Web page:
Y-chromosomal DNA variation in East Asia

Xue et al 2004

Abstract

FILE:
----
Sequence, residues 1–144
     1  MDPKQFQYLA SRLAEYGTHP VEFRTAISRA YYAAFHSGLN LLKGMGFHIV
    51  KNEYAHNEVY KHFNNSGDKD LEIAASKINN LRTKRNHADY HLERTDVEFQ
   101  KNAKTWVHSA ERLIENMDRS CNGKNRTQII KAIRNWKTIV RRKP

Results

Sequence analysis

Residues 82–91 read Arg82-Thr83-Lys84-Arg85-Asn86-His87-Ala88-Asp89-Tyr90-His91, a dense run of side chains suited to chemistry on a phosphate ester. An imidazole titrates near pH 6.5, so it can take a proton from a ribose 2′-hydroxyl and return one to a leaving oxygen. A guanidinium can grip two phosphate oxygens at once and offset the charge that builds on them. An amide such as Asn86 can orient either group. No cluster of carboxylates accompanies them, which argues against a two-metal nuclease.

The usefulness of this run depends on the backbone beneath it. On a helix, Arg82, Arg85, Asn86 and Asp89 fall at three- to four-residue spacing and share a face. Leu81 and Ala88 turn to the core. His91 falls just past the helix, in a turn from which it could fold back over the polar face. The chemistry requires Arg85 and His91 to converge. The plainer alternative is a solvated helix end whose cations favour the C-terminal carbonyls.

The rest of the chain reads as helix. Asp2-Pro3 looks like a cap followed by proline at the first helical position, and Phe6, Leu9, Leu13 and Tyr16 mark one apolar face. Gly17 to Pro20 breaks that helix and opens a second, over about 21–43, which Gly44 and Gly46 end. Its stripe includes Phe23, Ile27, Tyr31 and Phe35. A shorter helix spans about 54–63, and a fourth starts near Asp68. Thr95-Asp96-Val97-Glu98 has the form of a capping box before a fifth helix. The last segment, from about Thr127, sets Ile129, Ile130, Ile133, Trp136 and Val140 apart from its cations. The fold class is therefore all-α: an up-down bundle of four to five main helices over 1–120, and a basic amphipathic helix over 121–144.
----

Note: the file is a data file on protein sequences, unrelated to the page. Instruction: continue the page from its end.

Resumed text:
East Asia has been inhabited by modern humans for > 50,000 years and now holds more than one quarter of the world population. Genetic analysis using classical markers identified a major north-south distinction (Cavalli- Sforza et al. 1994), which may reflect separate origins of northern and southern populations from different migrations out of Africa. The Y chromosome provides high-resolution male haplotypes and thus an opportunity to investigate male-specific history. We have typed 1012 individuals from 28 populations in China, Mongolia, Korea and Japan with 45 binary markers (mostly SNPs) and 16 microsatellites from the Y chromosome. SAMOVA analysis of Y-SNPs was used to identify the geographical divisions that apportion the maximum amount of genetic variation between groups (Dupanloup et al. 2002). It did not show the traditional north-south division, but identified small groups of distinct populations, mainly in the south. Why should Y-chromosomal variation show a different structure from that of the rest of the genome? We have investigated the distribution and time- depth of individual haplogroups. For example, haplogroup O is largely confined to East Asia and one of its subdivisions, O3, is widespread and common in China. A subset of these chromosomes, O3/-d, is concentrated in southern China, particularly in the two Yao populations which formed one of the major SAMOVA divisions. The time depth of the O3/-d lineage was estimated at approximately 5,900 (4,500 - 8,200) years from its microsatellite variation using the program BATWING (Wilson and Balding 1998), so must have spread after this date. A second common haplogroup is C, and C3c chromosomes are concentrated in northeastern China where they are present at highest frequency in the Oroqen population, another of the major SAMOVA divisions. A substantial subset of them appear to have expanded very recently, < 900 years ago. These results suggest that East Asian Y-chromosomal variation has been substantially reshaped by recent events within Neolithic and historical times